- The Characteristics of a Pouting Son.
After working hard all day in the fields, the older brother arrived at his house to hear the sound of music and celebration. When he inquired as to what was going on he learns that the party was in celebration of his younger brother’s return. It’s at this point that he became angry and refused to join in the joy, choosing resentment over rejoicing. In his attitude and angry statements we see several common characteristics of a pouting prodigal starting first with:
- An angry spirit of grumbling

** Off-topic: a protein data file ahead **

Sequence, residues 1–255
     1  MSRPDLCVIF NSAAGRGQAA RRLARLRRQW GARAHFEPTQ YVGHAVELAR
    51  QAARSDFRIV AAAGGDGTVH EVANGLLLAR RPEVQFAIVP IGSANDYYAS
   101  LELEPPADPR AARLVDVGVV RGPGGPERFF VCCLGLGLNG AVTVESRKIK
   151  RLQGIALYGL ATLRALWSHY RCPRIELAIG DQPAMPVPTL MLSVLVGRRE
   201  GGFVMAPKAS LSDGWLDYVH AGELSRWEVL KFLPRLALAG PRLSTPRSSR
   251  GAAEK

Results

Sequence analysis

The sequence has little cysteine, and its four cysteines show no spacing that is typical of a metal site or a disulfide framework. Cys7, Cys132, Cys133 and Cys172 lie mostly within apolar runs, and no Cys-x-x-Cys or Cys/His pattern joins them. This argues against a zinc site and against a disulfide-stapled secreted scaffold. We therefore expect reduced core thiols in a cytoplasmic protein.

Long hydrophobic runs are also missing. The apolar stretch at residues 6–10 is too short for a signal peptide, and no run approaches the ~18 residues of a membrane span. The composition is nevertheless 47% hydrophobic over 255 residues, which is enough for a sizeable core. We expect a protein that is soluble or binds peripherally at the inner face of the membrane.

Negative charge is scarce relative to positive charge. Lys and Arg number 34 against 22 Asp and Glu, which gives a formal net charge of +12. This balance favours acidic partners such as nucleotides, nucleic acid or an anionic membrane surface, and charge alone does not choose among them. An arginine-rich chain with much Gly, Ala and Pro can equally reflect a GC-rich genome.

Verse 28 tells us that he became angry, in fact the word used indicates that he flew into a rage. Instead of rejoicing with his brother he resented him, choosing instead to protest the party with an attitude of anger. But this was not righteous anger it was resentful anger. When his father came out to plead with him to participate in the party, he began to grumble and complain. Saying, “I’ve never left home and spent all my money on prostitutes, and you’ve never even killed a little goat for me!” It’s the pity party, poor me mentality. Why didn’t he join in the party, because his focus was on self not on the celebration. Instead of worship he chose whining, instead of joy he gave in to jealousy. It’s often easy to recognize the pious older son because when given the opportunity to praise they often pout, grumbling and gripping is their go to. They are slow to celebrate and quick to complain. They usually begin a sentence, “Now I don’t mean to be critical but…” and then that’s exactly what they do, they criticize. Instead of celebrating and joining in the joy they get caught up in complaining. These are the grace grumblers and often they will use spiritual disciplines to communicate their disapproval, disciplines like prayer. Instead of using prayer as a means of connecting with the father they use it as a means to be critical, prayer becomes a way to piously point out other people’s problems. Their righteous life is really just a façade of faithfulness, because when the praise is not pointed at them they pout. Are you hiding behind a façade of holiness? It’s easy to get angry with these critical Christians but we need to remember that the Father loves them and we must too. The father loved both sons equally, and was willing to pursue both of their hard hearts. His response to the pouting son was to go and plead with him to join the party. Yet like many pouting prodigals he chose to be miserable and remain on the outside. What he really missed was the miracle of God’s mercy because he didn’t think he needed it. He chose to rely on the rules and missed resting in the relationship. I believe that one of the greatest challenges to the church is not the prodigals but the pouters. The ones who say things like, “Pastor, I don’t think we ought to clap and lift our hands in church, if we are not careful we’re going to become charismatic.” Yet the irony of their words is that often these are the same people who will go to a football game and lift their hands in the air and shout “Touchdown!” They are ok celebrating college football but not Christ. They are ok getting excited about sports but not the Savior, because somehow things are going to get out of hand if we celebrate in church. This is the son who was so afraid of going out on a limb that he never got near the tree. It’s not hard to spot the pouting prodigal, they are constantly complaining and seldom happy. Instead of responding with rejoicing they chose resentment and bitterness. What about you, do you celebrating or complaining over those who come home? Are you celebrating Gods party or sitting on the pity potty?